Table 1 Randomised phase III trials assessed the impact of locoregional surgical treatment

Study name (NCT/UMIN) Initial therapy Study design Status SUBMIT (NCT01392586) Surgery Upfront surgery followed by systemic therapy

versus systemic therapy Terminated (due to low accrual rate) ECOG 2108(NCT01242800) Systemic therapy Delayed local therapy (only if local progression)

versus primary tumour resection and locoregional radiotherapy

Accrual completed

JCOG1017 (UMIN000005586) Systemic therapy Systemic therapy alone versus primary tumour

resection plus systemic therapy Nearly completed

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Poggio F, et al. ESMO Open 2018;3:e000324. doi:10.1136/esmoopen-2018-000324 Poggio F, et al. ESMO Open 2018;3:e000324. doi:10.1136/esmoopen-2018-000324

Acknowledgements ML acknowledges the support from the European Society for

Medical Oncology (ESMO) for a translational research fellowship at Institut Jules Bordet.

Contributors All authors have contributed equally to the structure and content of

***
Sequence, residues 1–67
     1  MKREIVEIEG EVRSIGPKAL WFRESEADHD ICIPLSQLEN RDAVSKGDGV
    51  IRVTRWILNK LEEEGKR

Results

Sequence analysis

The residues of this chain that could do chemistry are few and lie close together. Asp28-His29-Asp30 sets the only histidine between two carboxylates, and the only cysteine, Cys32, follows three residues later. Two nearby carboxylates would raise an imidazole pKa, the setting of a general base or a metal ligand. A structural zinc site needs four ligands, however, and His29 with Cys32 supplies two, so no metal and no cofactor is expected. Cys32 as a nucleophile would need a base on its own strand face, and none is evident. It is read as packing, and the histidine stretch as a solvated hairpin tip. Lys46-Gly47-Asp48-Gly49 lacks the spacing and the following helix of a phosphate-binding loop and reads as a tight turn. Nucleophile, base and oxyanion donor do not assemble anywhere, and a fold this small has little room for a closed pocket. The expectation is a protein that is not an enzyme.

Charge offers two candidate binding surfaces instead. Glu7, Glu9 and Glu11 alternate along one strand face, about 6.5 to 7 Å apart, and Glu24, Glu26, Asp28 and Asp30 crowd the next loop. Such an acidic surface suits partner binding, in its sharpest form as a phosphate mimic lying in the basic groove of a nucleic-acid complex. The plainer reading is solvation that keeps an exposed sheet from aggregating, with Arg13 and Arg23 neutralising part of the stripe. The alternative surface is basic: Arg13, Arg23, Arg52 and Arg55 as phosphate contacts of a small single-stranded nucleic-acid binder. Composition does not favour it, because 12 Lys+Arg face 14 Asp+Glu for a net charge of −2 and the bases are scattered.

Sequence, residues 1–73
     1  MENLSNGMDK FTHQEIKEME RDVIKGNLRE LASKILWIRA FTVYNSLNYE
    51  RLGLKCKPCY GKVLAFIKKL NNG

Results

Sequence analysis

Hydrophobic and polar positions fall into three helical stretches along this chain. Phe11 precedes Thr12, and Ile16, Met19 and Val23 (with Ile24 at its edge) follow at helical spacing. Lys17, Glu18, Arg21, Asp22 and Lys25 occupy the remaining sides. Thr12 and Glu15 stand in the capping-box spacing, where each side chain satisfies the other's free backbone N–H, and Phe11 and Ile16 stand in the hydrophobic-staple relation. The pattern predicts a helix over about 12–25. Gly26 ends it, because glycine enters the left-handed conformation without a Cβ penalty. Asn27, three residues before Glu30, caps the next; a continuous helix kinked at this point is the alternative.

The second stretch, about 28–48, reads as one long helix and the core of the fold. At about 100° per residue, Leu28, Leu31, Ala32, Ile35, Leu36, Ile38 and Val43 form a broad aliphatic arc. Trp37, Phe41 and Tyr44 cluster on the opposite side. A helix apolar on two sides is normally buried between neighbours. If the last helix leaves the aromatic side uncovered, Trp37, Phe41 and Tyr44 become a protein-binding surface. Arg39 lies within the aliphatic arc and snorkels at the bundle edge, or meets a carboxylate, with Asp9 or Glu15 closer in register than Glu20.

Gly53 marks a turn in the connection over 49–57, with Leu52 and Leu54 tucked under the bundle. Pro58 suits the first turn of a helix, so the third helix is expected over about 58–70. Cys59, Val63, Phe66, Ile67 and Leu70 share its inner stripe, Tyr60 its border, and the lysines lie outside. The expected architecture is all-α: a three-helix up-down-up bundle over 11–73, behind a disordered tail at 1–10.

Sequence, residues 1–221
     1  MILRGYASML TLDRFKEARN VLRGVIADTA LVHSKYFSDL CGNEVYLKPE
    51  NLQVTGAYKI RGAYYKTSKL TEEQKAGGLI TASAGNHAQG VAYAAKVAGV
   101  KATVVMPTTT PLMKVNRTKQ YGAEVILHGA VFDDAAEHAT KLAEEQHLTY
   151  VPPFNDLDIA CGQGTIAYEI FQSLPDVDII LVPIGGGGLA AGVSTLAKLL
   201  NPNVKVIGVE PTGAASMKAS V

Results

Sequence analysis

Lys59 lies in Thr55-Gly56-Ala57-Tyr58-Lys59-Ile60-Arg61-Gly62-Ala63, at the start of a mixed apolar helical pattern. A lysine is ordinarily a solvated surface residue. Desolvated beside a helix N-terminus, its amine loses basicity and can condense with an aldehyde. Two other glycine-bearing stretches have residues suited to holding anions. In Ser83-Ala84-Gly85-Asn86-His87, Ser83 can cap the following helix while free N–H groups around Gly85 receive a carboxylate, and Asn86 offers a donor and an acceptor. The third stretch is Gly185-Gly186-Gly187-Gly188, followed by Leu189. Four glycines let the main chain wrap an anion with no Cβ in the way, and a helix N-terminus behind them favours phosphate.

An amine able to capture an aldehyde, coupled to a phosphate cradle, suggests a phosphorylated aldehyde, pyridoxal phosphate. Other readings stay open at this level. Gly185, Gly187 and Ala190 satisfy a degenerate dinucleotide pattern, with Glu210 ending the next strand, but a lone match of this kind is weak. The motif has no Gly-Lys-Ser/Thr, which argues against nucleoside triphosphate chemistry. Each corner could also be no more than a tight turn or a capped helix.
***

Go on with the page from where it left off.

this article.

Funding This research received no specific grant from any funding agency in the

public, commercial or not-for-profit sectors.

Competing interests None declared.

Provenance and peer review Commissioned; internally peer reviewed. Open Access This is an Open Access article distributed in accordance with the

Creative Commons Attribution Non Commercial (CC BY-NC 4.0) license, which permits others to distribute, remix, adapt, build upon this work non-commercially, and license their derivative works on different terms, provided the original work is properly cited and the use is non-commercial. See: http:// creativecommons. org/ licenses/ by- nc/ 4. 0/

© European Society for Medical Oncology (unless otherwise stated in the text of the article) 2018. All rights reserved. No commercial use is permitted unless otherwise expressly granted.

RefeRences

1. Iqbal J, Ginsburg O, Rochon PA, et al. Differences in breast cancer stage at diagnosis and cancer-specific survival by race and ethnicity in the United States. JAMA 2015;313:165–73.

2. Petrelli F, Barni S. Surgery of primary tumors in stage IV breast cancer: an updated analysis of published studies with meta-regression. Med Oncol 2012;29:3282–90.

3. Badwe R, Hawaldar R, Nair N, et al. Locoregional treatment versus no treatment of the primary tumour in metastatic breast cancer: an open-label randomised controlled trial. Lancet Oncol